The Final Member (Completed in 2012, Released in 2014)
Directed by Zach Math and Jonah Bekhor
There’s a scene in this delightful film about a penis museum and the men who want their members to be immortalized in it that is so important that I shouldn’t even talk about it, but I have to, because it unintentionally has a lot to say about documentaries. Don’t worry—I’ve figured out a way to discuss it without spoiling anything.
It’s a scene where a man is describing an object he is holding, but the cameraman doesn’t make the shot about the object—he makes it about the man. The vibe is as though suddenly, as the moment was being captured, there occurred an impromptu, telepathic, silent agreement between the cameraman and his subject about where he ought to point the lens—the shot and the expressions on the man’s face speak volumes—yet, they completely contradict the words he’s saying about the object, and what it looks like, in the few glimpses we get of it.
Because of this, the scene almost feels as though two realities are taking place on top of each other—in one, the object is how the man says it is, and in another, it’s how his face says it is. Because we are aware of both—and they are aware that we’re aware of both—the scene remains completely honest, despite itself. And the result is one of the most emotionally layered, powerful moments I have ever seen captured on film. It singlehandedly defines, in my opinion, what it is to be a great documentary.
Great documentaries are, above all else, honest—but what makes an honest documentary? At first glance, one might say that the scene I described seems dishonest, like the people involved were trying to hide something. The instinct to feel this way is understandable, because there are many counterfeit documentaries out there that try to hide details from us so that we come to their own biased conclusion. They do this through their camerawork, editing, presentation of facts, and the way they interact with their subjects. Real documentaries like this one choose what they include and exclude in a sincere way, to create an accurate-yet-poignant result, like any other good film would. The difference between these two styles of doc can often be seen in whether or not a palpable trust exists between cameraman and subject—an unmistakable vibe of realness.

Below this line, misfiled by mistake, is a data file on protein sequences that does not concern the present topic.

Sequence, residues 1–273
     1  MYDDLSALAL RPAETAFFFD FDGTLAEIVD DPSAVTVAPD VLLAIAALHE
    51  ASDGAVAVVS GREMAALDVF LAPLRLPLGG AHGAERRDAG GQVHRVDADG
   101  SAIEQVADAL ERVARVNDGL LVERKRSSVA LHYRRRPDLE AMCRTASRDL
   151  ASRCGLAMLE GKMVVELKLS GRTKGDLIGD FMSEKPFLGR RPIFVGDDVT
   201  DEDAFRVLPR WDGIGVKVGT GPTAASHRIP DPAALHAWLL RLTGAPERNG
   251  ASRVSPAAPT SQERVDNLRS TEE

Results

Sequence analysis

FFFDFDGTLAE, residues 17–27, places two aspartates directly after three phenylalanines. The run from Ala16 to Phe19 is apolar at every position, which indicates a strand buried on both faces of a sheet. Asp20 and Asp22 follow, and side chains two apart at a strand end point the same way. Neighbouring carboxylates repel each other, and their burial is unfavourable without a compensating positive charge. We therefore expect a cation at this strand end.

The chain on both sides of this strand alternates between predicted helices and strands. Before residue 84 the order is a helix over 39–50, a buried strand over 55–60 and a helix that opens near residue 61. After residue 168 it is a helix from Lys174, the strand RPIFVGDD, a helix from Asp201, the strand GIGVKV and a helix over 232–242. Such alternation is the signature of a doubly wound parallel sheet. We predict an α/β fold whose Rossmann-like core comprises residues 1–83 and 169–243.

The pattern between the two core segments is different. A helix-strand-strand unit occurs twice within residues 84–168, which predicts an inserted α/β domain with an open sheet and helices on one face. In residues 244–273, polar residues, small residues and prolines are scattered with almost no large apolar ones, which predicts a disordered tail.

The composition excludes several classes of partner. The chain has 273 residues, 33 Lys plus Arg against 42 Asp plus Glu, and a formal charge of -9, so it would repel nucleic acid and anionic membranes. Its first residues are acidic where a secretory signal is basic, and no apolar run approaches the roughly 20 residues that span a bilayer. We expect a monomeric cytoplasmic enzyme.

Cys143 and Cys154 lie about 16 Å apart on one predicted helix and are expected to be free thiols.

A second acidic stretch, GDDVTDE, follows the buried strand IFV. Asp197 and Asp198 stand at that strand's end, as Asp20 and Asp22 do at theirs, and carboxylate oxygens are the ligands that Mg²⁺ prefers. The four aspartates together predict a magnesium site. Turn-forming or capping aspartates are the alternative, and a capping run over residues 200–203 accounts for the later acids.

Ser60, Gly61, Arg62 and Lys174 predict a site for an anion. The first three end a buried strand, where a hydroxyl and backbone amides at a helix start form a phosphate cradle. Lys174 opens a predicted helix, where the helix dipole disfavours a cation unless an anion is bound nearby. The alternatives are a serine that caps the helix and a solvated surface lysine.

For instance, Cody’s film Rehearsals is a documentary, yet it chooses to represent its subjects solely in a visually flattering manner—if shots were unappealing, they were excluded, for the sake of the subjects and the vibe of the art. In this way, the subjects are actually being showcased more accurately—as their true, beautiful selves, through his eyes. As I have said before, this accuracy would not be possible were it not for the closeness he has to them, through knowing them intimately, and the trust that comes with that.
On the other end of the spectrum, Michael Moore’s films, even if you agree with their message, have a vibe of distrust. Many of the subjects seem to shrink away from his camera—an aspect that he exploits to suggest they’re either suspicious people up to no good, or traumatized victims worthy of sympathy. The people in counterfeit documentaries always remind me of women who’ve been told to undress under skeevy lighting in an unnatural environment—“You wanna be a star, don’tcha, baby?”.
The difference between real documentaries and counterfeit ones is the difference between a portrait and a cadaver, and dare I say even, the difference between an erect penis, full of life, and a dead, flaccid one. The men of The Final Member are immortalized by this film more so than their favorite body part floating in formaldehyde ever could. That is the true power of documentaries, when they’re created with trust.